“Have you taken the tickets?” Ultra asked me. I said, “I thought I asked you to put it in the bag”. I was getting a little frustrated but there was no way we could go without tickets. Nor was there any point in fighting with him now. I found myself unlocking the door, running to the TV stand and putting the tickets in the bag. Finally, after a complete scan of the place again, it was locked and we started to walk towards the auto-rickshaw… It was 7:50pm

I was woken up from my thoughts when the auto suddenly came to a halt. The station was almost three fourths of a kilometer away. I asked the rickshaw driver what was the problem. He said that he had run out of fuel. We had to get down. The place was dark and it was at such a distance that no autos would agree to come from there to the railway station. It was 8:15 pm now. I could see the tension in Ultra’s face. But this was not the first blow to me that day. I asked him not to panic. We started to walk slowly towards the station. We passed through the “Metro” outlet, went under the yeswantpur bridge and towards the railway station. It was dark and we used the headlights of vehicles to guide us. We entered the station through a walkway directly over the tracks. It was 8:35pm now.

Since we were walking on the tracks itself we did not have to take the over bridge to get to our platform. We just ran over to the platform on which our train would come. Our past knowledge that the Garib Rath train would always leave from either platform 4 or 5 helped a lot. Finally, we saw our train – the green colored Garib Rath express comprising completely of AC coaches. We had finally made it to the train. It was 8:40pm now. We walked towards the train from the rear of it. Our coach was G12. So we expected it to be at the rear of the train. We crossed the first two general coaches and reached the first reserved 3A coach. It was marked “G1”! One more jhatka in the long list for today – and probably the last. We walked past almost the entire train (except the engine and G13) and finally reached our coach and ran to our seat. It was 8:45pm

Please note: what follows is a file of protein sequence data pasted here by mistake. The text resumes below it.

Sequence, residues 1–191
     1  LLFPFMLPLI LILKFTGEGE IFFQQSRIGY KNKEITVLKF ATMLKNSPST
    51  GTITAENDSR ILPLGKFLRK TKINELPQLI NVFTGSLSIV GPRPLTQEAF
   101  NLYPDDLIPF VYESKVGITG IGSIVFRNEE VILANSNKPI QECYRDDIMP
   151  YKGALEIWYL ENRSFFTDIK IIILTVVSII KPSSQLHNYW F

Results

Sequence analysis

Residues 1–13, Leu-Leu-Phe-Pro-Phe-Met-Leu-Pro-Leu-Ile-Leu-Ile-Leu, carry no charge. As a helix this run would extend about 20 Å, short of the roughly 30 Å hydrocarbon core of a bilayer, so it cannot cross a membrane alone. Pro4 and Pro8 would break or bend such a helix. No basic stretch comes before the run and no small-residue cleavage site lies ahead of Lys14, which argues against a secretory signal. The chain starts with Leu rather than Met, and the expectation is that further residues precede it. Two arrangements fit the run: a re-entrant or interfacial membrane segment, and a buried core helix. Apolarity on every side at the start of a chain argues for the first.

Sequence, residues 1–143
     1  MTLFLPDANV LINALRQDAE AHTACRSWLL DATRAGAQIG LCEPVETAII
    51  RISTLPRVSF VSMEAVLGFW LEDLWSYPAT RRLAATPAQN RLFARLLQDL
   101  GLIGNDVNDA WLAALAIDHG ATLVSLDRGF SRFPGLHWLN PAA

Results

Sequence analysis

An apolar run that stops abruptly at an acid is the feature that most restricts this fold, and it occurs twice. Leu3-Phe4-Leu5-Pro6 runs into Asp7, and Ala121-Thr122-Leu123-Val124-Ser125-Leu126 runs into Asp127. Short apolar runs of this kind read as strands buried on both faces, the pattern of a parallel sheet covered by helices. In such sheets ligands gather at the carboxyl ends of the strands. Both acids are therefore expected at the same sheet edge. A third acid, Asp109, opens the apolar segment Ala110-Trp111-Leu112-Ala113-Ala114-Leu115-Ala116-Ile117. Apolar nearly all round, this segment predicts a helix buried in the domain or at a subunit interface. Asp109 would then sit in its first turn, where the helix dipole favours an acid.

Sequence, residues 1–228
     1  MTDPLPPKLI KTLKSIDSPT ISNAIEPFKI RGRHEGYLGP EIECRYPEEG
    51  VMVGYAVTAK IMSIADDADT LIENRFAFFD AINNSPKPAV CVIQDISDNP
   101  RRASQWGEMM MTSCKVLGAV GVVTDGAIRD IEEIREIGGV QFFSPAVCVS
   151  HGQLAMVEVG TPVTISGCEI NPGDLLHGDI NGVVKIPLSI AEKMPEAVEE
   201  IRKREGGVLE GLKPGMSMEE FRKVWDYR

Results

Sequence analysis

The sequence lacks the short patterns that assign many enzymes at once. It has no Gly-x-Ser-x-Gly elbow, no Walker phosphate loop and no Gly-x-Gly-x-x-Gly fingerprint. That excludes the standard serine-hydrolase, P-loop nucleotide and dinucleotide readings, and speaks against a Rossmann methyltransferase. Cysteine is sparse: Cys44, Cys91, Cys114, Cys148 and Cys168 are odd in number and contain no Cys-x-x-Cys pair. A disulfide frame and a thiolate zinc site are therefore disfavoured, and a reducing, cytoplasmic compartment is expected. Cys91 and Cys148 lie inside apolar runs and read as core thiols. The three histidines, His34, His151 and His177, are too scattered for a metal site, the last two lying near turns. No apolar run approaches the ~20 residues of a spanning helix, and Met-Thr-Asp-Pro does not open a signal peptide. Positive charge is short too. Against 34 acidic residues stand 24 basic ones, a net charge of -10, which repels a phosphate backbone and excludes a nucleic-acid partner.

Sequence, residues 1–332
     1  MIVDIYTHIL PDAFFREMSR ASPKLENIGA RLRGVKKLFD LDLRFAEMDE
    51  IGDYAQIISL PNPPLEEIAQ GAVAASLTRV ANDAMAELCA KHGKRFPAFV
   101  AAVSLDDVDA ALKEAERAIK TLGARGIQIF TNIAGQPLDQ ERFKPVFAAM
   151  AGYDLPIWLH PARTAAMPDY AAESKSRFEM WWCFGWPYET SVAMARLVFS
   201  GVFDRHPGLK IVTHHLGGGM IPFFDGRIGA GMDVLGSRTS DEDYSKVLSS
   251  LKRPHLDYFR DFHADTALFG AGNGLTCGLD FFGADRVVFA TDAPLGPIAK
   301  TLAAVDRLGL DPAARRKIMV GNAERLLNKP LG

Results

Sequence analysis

Never in the history of our train travels had we reached a station so late. But we were happy that we had finally made it against all odds. The AC inside the train was a welcome relief for our sweating bodies. Both of us relaxed for a while and started to talk. We laughed about how pathetic we would be if we had finally managed to run till the train and remembered that we forgot the tickets back home! Thankfully that had not happened. Ultra asked me if I had kept the house keys safely. I said yes and checked in my bag to make sure. But I had packed so much stuff haphazardly that I could not find them. Just when I thought everything was fine again, we ran into this new “key” problem! Finally, as the train slowly moved out of Ypr platform at 8:53pm, we ransacked the whole bag and managed to find the keys. We were totally exhausted from the happenings. Right time for dinner, we thought.

As I lay in the comfort of my lower berth snuggled up in a cosy blanket that night, with the train rumbling past sleepy villages in rain, I reflected on the happenings of the whole day. We were pushed to the limits with one after the other tough situations inflicted on us. But we had finally made it to the train with our perseverance. I was wondering whether it was God’s way of punishing us for not attending the fest or something. After all, he is called the destroyer of all troubles. If someone messes with Him, He could as well present them with troubles- Right? Then this realization drew upon me. This year, I expected the experience of Hyderabad to be less exciting because I would miss all the festive fever of Karkala. But even before we reached Hyderabad, we had already experienced so many exciting moments that even with little happening, we would always return with so many memories to treasure. With this realization, all my worries, tensions and anger towards fellow cab-mates vanished and I was able to appreciate the beauty of life as God presented it to me. That’s the true rationale behind celebrating festivals Isn’t it?

PS: YPR - Railway code for Bangalore's new complementary railway station at Yeswantpur. Due to many long distance trains starting from here these days, the load on SBC (Bangalore City) railway station is greatly reduced.

Saturday, 29 August 2009

Boarding the train - Part 1

“Boarding 21-08-09 2050 hours at YPR”